|Brown noddies nesting in Tubbataha Reef National Park in the Philippines.|
The brown noddy or common noddy (Anous stolidus) is a seabird from the tern family. The largest of the noddies, it can be told from the closely related black noddy by its larger size and plumage, which is dark brown rather than black. The brown noddy is a tropical seabird with a worldwide distribution, ranging from Hawaii to the Tuamotu Archipelago and Australia in the Pacific Ocean, from the Red Sea to the Seychelles and Australia in the Indian Ocean and in the Caribbean to Tristan da Cunha in the Atlantic Ocean. The brown noddy is colonial, usually nesting on the in elevated situations on cliffs or in short trees or shrubs. It only occasionally nests on the ground. A single egg is laid by the female of a pair each breeding season.
Etymology: Anous is Greek for "unmindful" (Harrison, 1990; see also nous), and stolidus means "impassive" in Latin (see also stolid). The birds are often unwary and find safety in enormous numbers. To sailors, they were well known for their apparent indifference to hunters or predators.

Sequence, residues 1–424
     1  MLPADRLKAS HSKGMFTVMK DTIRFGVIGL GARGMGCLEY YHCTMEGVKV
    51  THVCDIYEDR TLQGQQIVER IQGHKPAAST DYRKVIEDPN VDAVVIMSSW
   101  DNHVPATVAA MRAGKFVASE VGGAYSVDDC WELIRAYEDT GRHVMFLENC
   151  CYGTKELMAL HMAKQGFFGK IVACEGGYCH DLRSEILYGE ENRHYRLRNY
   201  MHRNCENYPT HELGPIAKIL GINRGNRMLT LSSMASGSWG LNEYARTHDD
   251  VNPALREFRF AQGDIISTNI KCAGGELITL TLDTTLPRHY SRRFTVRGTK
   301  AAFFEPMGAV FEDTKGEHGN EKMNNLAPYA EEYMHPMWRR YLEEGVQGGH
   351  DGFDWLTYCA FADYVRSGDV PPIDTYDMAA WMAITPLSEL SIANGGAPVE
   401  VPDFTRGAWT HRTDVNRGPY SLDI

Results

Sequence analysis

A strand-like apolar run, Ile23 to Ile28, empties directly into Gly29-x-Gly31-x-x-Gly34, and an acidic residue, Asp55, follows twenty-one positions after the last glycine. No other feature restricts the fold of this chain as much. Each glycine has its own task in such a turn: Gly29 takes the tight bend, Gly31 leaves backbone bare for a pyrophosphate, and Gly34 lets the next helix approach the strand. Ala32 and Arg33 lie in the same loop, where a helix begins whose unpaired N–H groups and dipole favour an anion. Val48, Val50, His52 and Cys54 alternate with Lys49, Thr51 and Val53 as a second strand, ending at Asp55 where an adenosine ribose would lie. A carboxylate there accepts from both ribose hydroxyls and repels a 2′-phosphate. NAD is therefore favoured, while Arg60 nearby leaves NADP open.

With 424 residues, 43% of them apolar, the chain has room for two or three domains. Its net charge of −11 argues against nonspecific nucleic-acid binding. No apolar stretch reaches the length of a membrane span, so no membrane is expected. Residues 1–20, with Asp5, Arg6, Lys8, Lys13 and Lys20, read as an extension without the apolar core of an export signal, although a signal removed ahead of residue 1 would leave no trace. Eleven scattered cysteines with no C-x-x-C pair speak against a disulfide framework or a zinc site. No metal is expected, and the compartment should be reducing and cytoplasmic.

There are four subspecies of the brown noddy:
- A. s. pileatus, (Scopoli, 1786): Red Sea, Indian Ocean east through the Pacific to Hawaii & Easter Island
- A. s. galapagensis (Sharpe, 1879): Galapagos Islands
- A. s. ridgwayi (Anthony, 1898): islands off western Mexico to Costa Rica
- A. s. stolidus (Linnaeus, 1758): islands of the Caribbean and tropical Atlantic
- "National Geographic" Field Guide to the Birds of North America ISBN 0-7922-6877-6
- Seabirds, an Identification Guide by Peter Harrison, (1983) ISBN 0-7470-1410-8
- Handbook of the Birds of the World Vol 3, Josep del Hoyo editor, ISBN 84-87334-20-2
- "National Audubon Society" The Sibley Guide to Birds, by David Allen Sibley, ISBN 0-679-45122-6
- Chardine, J.W. and R.D. Morris. 1996. Brown Noddy (Anous stolidus). In The Birds of North America, No. 220 (A. Poole and F. Gill, eds.). The Academy of Natural Sciences, Philadelphia, PA, and The American Ornithologists' Union, Washington, D.C.
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